While we're welcoming the new year here on Earth, NASA's New Horizons spacecraft will be ringing in 2019 with a flyby of a very distant object in our solar system. In 2015, New Horizons gave us our best look yet at Pluto, and ever since, it has been heading towards a distant Kuiper Belt object known as Ultima Thule. On January 1st, 2019, it's scheduled to reach Ultima Thule, where it will collect detailed images and other data as part of the most distant exploration of a space object to date.
If all goes well, New Horizons will come within 2,200 miles of Ultima Thule, a tiny object around 19 miles wide and over 4 billion miles from Earth. Researchers hope Ultima can provide clues as to how dwarf planets like Pluto formed and offer a look into what our solar system was like billions of years ago. Because Ultima is so far from the sun, it's quite cold -- around 35 degrees Kelvin over absolute zero -- and at such a low temperature, it's likely Ultima hasn't changed much over time. "Because of where it was formed and the fact that Ultima is not large enough to have a geologic engine like Pluto and larger planets, we expect that Ultima is the most well-preserved sample of a planetary building block ever explored," NASA's Alan Stern wrote in a blog post.
The #NewHorizons spacecraft is on final approach to #UltimaThule! Lots happening to get ready for our historic #NYE19 flyby in the #KuiperBelt. Get the latest from Mission Principal Investigator Alan Stern in this new blog post --> https://t.co/yDyVDmo4bf pic.twitter.com/cGjYCbaR6Q— NASA New Horizons (@NASANewHorizons) December 20, 2018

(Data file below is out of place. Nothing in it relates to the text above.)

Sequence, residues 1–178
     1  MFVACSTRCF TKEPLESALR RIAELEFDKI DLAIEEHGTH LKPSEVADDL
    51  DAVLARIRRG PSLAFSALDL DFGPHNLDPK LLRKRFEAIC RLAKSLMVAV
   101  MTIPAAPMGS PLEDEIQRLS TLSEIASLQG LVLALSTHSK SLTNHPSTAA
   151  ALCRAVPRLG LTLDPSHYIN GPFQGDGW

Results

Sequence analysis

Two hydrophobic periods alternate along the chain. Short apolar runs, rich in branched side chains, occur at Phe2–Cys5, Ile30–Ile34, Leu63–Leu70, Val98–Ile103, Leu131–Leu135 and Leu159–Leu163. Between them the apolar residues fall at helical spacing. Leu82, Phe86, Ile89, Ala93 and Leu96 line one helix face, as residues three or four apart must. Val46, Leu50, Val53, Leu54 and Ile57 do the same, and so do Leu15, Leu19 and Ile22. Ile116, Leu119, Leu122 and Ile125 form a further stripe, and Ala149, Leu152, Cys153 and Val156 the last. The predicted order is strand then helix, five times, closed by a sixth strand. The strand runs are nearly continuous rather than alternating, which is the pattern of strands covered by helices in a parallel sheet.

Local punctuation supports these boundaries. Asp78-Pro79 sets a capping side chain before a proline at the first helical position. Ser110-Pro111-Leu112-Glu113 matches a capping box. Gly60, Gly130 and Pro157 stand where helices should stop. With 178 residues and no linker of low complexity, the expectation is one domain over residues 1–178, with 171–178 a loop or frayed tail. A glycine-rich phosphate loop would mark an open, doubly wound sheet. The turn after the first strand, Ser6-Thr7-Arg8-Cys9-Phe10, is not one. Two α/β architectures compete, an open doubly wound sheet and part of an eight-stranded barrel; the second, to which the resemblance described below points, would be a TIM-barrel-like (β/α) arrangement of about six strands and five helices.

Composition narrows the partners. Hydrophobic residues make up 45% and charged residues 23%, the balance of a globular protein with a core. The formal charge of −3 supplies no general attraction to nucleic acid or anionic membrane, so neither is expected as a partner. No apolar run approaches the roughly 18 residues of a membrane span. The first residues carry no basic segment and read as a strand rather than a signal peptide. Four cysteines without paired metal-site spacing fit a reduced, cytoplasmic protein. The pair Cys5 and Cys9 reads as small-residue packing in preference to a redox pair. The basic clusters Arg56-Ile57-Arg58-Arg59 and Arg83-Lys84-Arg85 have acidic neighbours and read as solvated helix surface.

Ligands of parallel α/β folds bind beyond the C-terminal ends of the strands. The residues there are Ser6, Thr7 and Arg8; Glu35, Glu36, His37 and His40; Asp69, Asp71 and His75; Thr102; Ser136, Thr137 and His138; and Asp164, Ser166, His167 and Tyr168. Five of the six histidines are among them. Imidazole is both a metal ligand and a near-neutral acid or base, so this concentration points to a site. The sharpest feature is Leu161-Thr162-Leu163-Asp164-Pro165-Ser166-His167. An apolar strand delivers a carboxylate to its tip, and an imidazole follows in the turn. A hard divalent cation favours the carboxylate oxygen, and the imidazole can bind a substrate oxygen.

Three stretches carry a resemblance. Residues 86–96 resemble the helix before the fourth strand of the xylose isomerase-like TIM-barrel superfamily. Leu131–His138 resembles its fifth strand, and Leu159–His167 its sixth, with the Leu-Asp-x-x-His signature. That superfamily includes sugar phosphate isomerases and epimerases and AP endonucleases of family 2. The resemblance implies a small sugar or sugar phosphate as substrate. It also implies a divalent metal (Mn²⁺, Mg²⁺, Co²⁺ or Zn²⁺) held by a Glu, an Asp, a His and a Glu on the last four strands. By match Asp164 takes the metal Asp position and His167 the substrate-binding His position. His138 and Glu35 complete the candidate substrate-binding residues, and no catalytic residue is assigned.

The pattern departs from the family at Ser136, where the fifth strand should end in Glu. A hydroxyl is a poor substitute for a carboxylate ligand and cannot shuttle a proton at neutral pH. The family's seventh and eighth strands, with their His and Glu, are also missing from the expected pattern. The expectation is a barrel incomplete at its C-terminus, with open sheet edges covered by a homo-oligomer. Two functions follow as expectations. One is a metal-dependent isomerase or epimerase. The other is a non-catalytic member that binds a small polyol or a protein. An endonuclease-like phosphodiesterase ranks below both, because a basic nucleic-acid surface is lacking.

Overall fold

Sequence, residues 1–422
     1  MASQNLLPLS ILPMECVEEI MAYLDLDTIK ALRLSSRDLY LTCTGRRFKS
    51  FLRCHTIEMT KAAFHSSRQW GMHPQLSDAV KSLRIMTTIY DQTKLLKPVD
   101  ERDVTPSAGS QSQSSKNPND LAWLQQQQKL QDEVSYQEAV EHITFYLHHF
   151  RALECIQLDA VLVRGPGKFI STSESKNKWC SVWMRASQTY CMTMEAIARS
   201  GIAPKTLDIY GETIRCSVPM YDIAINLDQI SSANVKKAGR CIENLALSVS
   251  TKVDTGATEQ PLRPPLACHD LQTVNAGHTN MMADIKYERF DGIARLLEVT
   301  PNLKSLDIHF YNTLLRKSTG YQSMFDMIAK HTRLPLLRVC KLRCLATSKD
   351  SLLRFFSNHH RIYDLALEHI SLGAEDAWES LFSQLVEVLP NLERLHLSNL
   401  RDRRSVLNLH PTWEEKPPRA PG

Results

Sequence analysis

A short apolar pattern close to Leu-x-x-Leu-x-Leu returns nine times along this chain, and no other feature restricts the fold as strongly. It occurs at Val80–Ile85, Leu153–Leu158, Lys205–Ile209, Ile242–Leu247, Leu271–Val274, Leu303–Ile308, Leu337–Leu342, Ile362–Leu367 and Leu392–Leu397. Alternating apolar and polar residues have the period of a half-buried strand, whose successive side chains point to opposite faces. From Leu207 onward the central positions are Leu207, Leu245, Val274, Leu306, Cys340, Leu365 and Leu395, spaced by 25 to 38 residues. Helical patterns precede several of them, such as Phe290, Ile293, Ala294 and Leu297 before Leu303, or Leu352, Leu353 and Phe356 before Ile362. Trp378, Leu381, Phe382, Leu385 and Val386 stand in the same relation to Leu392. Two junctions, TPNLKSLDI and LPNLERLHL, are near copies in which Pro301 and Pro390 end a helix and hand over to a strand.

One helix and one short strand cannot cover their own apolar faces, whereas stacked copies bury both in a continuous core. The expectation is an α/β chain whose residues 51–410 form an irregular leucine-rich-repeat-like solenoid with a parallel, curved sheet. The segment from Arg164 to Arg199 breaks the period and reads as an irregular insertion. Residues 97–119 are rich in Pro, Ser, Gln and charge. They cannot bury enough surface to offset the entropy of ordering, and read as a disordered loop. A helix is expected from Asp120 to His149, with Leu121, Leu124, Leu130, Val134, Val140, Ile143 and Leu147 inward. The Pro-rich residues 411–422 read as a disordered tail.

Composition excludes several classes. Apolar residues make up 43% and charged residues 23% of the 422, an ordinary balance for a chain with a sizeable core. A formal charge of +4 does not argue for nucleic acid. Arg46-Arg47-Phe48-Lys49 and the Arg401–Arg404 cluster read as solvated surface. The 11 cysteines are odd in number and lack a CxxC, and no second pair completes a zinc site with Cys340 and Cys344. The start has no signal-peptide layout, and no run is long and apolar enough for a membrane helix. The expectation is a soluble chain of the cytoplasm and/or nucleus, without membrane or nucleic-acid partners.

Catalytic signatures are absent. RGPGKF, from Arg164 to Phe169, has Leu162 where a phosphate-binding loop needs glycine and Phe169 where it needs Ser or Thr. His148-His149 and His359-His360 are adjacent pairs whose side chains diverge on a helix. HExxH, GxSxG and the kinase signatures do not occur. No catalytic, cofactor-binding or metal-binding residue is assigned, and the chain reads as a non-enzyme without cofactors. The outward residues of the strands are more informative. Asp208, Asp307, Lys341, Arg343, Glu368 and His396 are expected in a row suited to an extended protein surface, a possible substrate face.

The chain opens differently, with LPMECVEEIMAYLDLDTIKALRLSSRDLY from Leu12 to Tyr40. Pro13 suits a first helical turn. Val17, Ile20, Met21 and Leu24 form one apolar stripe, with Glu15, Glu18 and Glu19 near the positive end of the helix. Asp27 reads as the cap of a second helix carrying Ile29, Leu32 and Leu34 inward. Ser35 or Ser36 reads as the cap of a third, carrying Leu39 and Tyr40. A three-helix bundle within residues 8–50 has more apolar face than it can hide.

Because Ultima is so far away and so small, this flyby will be quite challenging, and it's very unclear what exactly we'll find when we get there. "What will Ultima reveal? No one knows," Stern wrote. "To me, that is what's most exciting -- this is pure exploration and fundamental science!" And he told The Verge that he isn't one to make predictions about what might be discovered. "The only prediction I made at Pluto is we'd find something wonderful, and we did," he said. "I think the fun of this is we don't know what we're going to see."
New Horizons snapped its first picture of Ultima in August, and the images it collects during its flyby will provide scientists will the first close-up look of a small Kuiper Belt object. New Horizons' closest approach to Ultima will occur at 12:33 AM Eastern Time and the spacecraft is programmed to begin sending data back a few hours after its flyby. That data will take around six hours to reach Earth and Stern says the team expects to have New Horizons' first Ultima image ready for release on January 2nd.
"The Ultima Thule flyby is going to be fast, it's going to be challenging and it's going to yield new knowledge," wrote Stern. "Being the most distant exploration of anything in history, it's also going to be historic."